If you've put up your car, home, or another type of property as collateral, you must either pay the debt or give the property back. You'll tell the lender and the court whether you're keeping or surrendering the property in the Statement of Intention for Individuals Filing Under Chapter 7 form. The form must be filed within 30 days of the petition date or by 341(a) meeting of creditors hearing if the court sets it sooner than 30 days.
Find out more about the official bankruptcy forms.
If you have secured debt, you can choose one of three options. You can either surrender, redeem, or reaffirm the collateralized property. You can redeem (pay the value in a lump sum) or reaffirm (enter into a new contract for the property) if you'd like to keep it. If you no longer want the property, you'll surrender it. When you surrender property, you give it back to the creditor.
Surrendering secured property in Chapter 7 is merely giving the property back to the lender voluntarily. You won't be responsible for any deficiency amount you still owe on the property after the creditor sells it.
Secured property is any property used as collateral for a loan or debt. If you stop paying the loan, the creditor can take the property and sell it to pay down the balance. Some examples of secured property include a mortgaged home and financed vehicles. Financed electronics, household appliances, and jewelry are also commonly contractually secured.
Learn about secured, unsecured, and priority debt in bankruptcy.
Having a secured debt gives the debtor two avenues for payment. The lender gets to hold you personally liable for the entire debt amount. Plus, if you don't pay, the lender can sell the collateral and use the proceeds to pay down the balance owed. If the sales proceeds aren't enough to pay the debt, you're still responsible for paying the remaining balance called a "deficiency." Learn about anti-deficiency laws.
If you get a Chapter 7 discharge, your liability, as well as any deficiency, get wiped out. However, the secured creditor still has the right to the collateral. You don't get to keep it. But, the lender can't go after you for any unpaid balance that might remain after selling the property.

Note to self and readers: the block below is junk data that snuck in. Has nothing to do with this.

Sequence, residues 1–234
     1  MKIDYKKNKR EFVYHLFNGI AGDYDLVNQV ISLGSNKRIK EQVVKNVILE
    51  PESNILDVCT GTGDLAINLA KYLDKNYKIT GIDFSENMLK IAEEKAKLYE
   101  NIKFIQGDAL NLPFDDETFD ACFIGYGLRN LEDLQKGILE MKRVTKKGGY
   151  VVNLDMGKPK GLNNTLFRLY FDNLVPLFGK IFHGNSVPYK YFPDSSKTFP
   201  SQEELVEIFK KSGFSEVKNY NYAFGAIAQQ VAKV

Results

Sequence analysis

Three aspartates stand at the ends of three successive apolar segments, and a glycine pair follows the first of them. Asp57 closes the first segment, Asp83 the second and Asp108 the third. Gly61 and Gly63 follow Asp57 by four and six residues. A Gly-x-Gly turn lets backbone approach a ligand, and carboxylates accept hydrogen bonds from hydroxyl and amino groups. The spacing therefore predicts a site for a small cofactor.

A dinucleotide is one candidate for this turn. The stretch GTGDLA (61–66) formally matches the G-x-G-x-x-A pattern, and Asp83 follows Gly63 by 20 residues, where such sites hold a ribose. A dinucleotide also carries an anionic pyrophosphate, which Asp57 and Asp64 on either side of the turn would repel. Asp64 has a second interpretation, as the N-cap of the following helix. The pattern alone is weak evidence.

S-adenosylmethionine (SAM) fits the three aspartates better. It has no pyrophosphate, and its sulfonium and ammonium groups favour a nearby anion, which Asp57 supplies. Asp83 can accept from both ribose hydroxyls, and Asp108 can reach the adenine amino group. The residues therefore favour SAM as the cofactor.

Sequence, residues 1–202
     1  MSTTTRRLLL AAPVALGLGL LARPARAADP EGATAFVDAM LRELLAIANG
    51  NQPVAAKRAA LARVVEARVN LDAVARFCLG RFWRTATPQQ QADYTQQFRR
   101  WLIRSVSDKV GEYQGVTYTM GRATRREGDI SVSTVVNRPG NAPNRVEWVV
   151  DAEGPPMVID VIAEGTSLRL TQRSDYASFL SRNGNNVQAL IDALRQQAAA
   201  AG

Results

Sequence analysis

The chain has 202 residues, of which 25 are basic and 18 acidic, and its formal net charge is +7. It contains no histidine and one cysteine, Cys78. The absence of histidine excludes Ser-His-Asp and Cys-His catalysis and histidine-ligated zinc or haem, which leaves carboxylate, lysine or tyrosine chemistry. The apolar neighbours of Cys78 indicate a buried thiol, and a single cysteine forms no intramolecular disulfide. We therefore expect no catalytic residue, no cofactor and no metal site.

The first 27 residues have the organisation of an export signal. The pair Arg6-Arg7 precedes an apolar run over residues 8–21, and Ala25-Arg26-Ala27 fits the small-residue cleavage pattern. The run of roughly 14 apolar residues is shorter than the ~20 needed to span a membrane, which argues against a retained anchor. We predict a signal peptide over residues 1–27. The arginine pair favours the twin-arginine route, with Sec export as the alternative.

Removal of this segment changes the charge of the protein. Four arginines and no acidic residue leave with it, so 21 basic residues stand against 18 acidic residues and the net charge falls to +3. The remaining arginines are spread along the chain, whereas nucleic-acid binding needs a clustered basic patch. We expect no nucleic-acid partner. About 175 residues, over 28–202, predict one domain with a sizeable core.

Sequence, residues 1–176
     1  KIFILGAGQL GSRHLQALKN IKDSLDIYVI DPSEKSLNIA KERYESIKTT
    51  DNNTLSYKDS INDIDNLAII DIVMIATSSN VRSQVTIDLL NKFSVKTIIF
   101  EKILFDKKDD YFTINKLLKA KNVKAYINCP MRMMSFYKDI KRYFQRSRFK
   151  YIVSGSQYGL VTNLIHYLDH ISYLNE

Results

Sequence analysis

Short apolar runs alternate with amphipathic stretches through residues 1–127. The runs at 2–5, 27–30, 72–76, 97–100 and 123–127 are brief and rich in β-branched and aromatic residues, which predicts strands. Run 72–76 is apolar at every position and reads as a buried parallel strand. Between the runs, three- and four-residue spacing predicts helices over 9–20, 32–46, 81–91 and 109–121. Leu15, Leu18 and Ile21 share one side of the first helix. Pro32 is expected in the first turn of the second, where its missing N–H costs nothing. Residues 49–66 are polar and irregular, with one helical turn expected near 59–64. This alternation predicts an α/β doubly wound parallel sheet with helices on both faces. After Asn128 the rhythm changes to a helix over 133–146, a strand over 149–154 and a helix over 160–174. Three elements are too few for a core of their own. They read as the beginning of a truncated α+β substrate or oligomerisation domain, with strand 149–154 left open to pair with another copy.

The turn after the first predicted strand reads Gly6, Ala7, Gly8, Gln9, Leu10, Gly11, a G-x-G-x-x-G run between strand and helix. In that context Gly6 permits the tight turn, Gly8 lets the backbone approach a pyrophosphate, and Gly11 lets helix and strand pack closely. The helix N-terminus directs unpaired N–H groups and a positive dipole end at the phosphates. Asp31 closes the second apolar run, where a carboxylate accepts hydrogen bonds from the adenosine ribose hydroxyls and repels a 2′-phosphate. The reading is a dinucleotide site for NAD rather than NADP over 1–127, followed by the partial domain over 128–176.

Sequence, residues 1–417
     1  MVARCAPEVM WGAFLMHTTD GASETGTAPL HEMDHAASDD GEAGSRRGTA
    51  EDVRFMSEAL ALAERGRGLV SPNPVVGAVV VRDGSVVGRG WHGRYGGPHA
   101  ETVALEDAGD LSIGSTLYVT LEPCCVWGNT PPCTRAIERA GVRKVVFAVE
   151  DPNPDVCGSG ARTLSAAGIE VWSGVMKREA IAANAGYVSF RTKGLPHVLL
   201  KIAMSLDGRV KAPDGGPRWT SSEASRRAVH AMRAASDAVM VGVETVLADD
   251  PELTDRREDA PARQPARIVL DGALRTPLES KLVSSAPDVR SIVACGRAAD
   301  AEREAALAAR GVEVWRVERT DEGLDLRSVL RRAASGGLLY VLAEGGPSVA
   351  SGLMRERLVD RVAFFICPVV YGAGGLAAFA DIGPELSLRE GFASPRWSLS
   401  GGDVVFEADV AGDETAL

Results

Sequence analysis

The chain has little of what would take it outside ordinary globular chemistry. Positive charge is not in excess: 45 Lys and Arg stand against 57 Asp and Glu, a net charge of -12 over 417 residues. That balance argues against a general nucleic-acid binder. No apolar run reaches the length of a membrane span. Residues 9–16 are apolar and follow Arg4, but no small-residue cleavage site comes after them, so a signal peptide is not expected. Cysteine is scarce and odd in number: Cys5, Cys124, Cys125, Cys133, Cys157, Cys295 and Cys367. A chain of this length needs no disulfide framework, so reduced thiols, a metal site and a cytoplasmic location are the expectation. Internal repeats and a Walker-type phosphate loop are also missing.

Most people surrender property because they can't afford it or they don't want to pay for it any longer. Also, it might not be worth keeping if it's worth far less than what's owed. Or you could prefer to protect other property using your bankruptcy exemptions. If you're not sure what you should do, take a look at the list of pros and cons below.
Find out about other options in Redeeming v. Reaffirming Debt to Keep Property in Bankruptcy.
To surrender your secured property, you'll indicate your choice on the Statement of Intention for Individuals Filing Under Chapter 7 form. You'll find a downloadable, fillable form on the U.S. Court bankruptcy form webpage.
You'll file a copy 30 days after your bankruptcy petition, or by the date set for the 341 meeting of creditors, whichever occurs first. Most people find it simpler to file it along with the bankruptcy petition—that way, the court will send it to your creditors and the bankruptcy trustee. Otherwise, you'll be responsible for doing so.
Until the creditor picks up or reclaims the property, you'll still be responsible for taking care of it. However, if the creditor fails to take control of the property, it will be deemed abandoned, and you can keep it debt-free.